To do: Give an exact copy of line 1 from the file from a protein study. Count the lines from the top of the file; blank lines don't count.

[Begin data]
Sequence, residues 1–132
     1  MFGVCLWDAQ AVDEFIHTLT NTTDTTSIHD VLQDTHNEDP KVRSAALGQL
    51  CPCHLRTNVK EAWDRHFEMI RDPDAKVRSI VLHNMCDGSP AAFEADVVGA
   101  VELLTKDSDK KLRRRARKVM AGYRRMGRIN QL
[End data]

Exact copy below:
Sequence, residues 1–132